Methods for Reducing the Spread of Misinformation on the Web

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Dokumentart: Dissertation
Date: 2022-10-07
Language: English
Faculty: 7 Mathematisch-Naturwissenschaftliche Fakultät
Department: Informatik
Advisor: Schölkopf, Bernhard (Prof. Dr.)
Day of Oral Examination: 2022-09-12
DDC Classifikation: 004 - Data processing and computer science
Keywords: Maschinelles Lernen , Desinformation , Fehlinformation
License: Publishing license including print on demand
Order a printed copy: Print-on-Demand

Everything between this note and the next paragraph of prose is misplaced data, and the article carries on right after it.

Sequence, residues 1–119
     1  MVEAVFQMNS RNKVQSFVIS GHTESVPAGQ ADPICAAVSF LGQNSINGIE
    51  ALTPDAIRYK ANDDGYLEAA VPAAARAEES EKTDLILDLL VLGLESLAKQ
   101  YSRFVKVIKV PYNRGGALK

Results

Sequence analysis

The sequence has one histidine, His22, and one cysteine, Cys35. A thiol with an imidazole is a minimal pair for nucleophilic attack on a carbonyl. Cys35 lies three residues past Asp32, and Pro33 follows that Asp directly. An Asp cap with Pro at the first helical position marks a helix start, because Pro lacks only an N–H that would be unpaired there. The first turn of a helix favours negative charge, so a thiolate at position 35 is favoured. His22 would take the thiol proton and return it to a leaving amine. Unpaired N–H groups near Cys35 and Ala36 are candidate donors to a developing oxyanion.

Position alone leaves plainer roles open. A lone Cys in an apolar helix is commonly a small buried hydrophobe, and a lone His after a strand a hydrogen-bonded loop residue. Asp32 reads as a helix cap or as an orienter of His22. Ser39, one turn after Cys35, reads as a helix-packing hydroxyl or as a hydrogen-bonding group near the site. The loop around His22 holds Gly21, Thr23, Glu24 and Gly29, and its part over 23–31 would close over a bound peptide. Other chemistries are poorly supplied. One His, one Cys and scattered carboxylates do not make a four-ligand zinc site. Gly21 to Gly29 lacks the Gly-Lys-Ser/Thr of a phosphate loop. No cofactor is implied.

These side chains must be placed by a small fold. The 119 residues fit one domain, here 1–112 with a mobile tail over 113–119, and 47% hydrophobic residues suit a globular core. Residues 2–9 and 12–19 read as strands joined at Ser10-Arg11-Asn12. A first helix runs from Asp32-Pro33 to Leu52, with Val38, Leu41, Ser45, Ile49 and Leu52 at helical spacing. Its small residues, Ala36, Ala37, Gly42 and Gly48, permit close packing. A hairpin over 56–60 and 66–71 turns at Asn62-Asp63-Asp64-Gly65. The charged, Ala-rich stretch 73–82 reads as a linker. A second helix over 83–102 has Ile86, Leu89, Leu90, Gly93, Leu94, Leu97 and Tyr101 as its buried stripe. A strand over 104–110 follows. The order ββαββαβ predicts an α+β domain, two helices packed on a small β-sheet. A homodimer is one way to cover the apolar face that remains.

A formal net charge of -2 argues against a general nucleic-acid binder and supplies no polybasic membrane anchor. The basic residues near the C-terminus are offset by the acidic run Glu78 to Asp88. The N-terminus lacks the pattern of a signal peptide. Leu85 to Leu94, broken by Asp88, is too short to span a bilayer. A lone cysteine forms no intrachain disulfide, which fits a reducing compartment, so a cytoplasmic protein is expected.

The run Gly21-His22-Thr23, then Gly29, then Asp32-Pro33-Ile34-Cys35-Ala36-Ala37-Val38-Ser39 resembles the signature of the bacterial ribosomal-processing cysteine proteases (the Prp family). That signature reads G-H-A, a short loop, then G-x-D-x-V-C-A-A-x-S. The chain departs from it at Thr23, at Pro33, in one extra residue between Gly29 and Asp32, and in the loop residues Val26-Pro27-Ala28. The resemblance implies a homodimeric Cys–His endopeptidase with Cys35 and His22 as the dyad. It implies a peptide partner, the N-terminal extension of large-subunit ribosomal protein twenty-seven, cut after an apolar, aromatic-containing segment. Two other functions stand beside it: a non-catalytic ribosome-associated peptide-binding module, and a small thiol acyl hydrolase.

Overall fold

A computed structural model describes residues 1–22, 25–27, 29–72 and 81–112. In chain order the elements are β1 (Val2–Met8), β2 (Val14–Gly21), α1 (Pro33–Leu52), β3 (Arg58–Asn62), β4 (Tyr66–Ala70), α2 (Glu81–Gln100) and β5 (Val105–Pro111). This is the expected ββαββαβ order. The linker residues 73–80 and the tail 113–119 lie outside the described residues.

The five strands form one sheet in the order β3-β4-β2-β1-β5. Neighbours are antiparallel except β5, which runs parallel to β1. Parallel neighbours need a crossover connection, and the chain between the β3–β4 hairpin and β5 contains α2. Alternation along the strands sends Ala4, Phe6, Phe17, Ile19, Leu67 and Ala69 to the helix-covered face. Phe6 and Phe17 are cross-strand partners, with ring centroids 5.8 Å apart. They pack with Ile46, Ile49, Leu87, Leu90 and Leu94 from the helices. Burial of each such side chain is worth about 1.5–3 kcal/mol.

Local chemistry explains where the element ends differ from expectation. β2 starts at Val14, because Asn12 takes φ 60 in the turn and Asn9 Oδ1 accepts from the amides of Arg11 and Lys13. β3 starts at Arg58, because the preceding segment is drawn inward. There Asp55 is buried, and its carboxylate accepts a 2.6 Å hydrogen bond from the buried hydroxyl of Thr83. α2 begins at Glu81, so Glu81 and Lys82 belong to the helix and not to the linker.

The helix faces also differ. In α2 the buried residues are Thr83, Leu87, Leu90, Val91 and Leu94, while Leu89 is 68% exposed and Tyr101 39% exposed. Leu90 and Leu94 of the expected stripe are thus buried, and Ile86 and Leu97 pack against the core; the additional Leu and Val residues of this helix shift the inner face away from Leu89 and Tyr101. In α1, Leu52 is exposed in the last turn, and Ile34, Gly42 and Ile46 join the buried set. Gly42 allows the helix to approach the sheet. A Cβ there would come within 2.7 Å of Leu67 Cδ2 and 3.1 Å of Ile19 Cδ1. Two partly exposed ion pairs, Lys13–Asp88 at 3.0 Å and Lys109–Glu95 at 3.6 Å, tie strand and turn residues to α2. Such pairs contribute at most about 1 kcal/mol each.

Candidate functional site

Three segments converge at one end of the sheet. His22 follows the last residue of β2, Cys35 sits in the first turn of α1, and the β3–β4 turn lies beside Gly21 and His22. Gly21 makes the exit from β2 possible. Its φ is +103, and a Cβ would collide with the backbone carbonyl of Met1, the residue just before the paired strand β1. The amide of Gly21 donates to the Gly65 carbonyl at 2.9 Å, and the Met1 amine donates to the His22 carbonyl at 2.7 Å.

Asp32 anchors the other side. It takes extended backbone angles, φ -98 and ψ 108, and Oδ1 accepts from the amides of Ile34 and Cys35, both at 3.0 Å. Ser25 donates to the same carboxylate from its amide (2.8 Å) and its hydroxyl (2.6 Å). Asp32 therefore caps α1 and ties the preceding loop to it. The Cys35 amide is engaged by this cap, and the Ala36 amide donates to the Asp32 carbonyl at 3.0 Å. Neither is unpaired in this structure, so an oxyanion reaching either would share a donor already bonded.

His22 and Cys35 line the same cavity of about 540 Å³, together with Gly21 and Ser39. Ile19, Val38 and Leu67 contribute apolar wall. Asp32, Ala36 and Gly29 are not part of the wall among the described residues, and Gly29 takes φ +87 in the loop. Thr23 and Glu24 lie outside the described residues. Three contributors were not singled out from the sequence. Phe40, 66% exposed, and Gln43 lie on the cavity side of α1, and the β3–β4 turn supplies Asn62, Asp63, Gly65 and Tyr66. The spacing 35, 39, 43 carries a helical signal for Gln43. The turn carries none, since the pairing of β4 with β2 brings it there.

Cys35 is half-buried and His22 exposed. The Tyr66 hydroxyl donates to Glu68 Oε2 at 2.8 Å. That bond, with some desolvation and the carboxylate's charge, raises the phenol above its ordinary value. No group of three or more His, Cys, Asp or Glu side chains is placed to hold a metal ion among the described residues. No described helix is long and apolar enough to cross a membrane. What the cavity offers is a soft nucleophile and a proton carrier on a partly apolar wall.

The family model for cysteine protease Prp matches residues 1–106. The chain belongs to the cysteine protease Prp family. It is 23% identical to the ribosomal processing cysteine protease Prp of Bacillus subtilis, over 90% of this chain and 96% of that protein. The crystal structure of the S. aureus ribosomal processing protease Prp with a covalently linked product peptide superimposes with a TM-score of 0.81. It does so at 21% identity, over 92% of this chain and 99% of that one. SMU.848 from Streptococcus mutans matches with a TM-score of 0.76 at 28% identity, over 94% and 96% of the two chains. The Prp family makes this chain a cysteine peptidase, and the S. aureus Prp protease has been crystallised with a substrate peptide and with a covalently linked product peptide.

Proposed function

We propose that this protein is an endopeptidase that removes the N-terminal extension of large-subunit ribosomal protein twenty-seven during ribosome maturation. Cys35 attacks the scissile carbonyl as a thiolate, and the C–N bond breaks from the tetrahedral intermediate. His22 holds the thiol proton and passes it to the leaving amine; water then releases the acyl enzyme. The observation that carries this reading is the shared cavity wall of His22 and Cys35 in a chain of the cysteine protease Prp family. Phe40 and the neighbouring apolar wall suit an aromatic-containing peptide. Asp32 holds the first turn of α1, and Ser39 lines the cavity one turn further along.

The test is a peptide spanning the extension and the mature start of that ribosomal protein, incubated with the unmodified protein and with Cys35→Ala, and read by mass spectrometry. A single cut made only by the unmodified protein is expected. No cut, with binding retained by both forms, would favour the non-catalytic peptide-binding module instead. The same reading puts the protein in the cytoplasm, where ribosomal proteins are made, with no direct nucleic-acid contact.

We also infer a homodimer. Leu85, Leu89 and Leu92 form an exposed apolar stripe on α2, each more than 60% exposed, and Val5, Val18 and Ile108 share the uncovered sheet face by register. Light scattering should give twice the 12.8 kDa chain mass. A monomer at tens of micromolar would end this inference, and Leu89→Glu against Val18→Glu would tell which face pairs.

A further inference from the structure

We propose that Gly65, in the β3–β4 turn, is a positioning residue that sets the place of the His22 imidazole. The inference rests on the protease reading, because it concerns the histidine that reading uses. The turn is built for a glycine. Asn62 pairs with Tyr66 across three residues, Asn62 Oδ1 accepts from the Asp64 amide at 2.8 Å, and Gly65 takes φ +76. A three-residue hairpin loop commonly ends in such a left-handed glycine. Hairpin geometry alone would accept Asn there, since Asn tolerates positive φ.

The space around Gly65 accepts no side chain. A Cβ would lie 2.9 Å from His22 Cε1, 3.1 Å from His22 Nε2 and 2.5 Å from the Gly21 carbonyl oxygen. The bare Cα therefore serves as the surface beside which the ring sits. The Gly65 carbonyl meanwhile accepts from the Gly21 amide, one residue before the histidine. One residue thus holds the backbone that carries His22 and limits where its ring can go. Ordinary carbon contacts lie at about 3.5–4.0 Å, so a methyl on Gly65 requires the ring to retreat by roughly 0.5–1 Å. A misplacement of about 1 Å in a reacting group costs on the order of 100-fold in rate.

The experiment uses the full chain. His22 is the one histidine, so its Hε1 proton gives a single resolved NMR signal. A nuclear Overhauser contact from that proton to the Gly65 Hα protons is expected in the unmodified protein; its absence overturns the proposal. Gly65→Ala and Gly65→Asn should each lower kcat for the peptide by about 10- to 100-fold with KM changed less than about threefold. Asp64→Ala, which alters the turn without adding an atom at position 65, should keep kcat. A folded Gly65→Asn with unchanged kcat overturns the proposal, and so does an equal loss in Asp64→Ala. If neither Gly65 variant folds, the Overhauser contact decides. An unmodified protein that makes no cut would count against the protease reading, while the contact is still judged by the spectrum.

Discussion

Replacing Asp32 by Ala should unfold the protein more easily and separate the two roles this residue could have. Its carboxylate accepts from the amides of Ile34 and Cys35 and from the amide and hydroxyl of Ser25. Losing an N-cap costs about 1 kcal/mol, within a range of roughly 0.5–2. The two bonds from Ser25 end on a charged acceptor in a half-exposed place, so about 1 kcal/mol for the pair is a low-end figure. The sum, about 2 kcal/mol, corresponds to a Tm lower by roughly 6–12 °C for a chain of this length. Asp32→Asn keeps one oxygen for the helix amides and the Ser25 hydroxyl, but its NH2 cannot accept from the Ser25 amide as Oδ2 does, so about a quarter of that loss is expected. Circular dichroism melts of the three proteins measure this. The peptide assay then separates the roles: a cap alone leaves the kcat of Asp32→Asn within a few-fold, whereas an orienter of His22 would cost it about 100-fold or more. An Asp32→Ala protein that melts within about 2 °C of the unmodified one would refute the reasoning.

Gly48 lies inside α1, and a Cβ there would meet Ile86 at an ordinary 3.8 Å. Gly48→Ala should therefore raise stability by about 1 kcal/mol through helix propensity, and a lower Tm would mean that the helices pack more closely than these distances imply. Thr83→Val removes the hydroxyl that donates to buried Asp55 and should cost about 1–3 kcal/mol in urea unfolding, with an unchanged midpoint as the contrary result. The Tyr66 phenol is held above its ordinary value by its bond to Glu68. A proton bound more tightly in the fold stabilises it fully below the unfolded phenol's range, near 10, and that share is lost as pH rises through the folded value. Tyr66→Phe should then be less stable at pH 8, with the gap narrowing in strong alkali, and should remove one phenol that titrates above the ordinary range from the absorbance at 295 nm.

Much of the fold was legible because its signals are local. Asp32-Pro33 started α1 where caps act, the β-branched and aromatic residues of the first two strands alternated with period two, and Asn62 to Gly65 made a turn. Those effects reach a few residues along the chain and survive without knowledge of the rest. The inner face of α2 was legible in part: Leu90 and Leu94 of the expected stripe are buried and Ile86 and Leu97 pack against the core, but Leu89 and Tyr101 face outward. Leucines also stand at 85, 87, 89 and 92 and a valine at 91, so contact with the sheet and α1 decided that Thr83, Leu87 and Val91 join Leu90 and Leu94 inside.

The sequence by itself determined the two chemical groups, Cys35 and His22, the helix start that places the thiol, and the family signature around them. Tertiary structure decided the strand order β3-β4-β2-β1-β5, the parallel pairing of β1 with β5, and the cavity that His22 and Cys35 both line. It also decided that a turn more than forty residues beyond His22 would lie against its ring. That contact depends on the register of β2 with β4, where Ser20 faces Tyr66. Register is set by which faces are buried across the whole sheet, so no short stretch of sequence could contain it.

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The significant growth of the internet over the past thirty years reduced the cost of access to information for anyone who has unfettered access to the internet. During this period, internet users were also empowered to create new content that could instantly reach millions of people via social media platforms like Facebook and Twitter. This transformation broke down the traditional ways mass-consumed content was distributed and ultimately ushered in the era of citizen journalism and freeform content. The unrestricted ability to create and distribute information was considered a significant triumph of freedom and liberty. However, the new modes of information exchange posed new challenges for modern societies, namely trust, integrity, and the spread of misinformation. Before the emergence of the Internet, newsrooms and editorial procedures required minimum standards for published information; today, such requirements are not necessary when posting content on social media platforms. This change led to the proliferation of information that attracts attention but lacks integrity and reliability. There are currently two broad approaches to solving the problem of information integrity on the internet; first, the revival of trusted and reliable sources of information; second, creating new mechanisms for increasing the quality of information published and spread on major social media platforms. These approaches are still in their infancy, each having its pros and cons. In this thesis, we explore the latter and develop modern machine learning methods that can help identify (un)reliable information and their sources, efficiently prioritize content requiring human fact-checking at scale, and ultimately minimize their harm to the end-users by improving the quality of the news-feeds that users access. This thesis leverages the collaborative dynamics of content creation on Wikipedia to extract a grounded measure of information and source reliability. We also develop a method capable of modifying ranking algorithms used widely on social media platforms such as Facebook and Twitter to minimize the long-term harm posed by the spread of misinformation.

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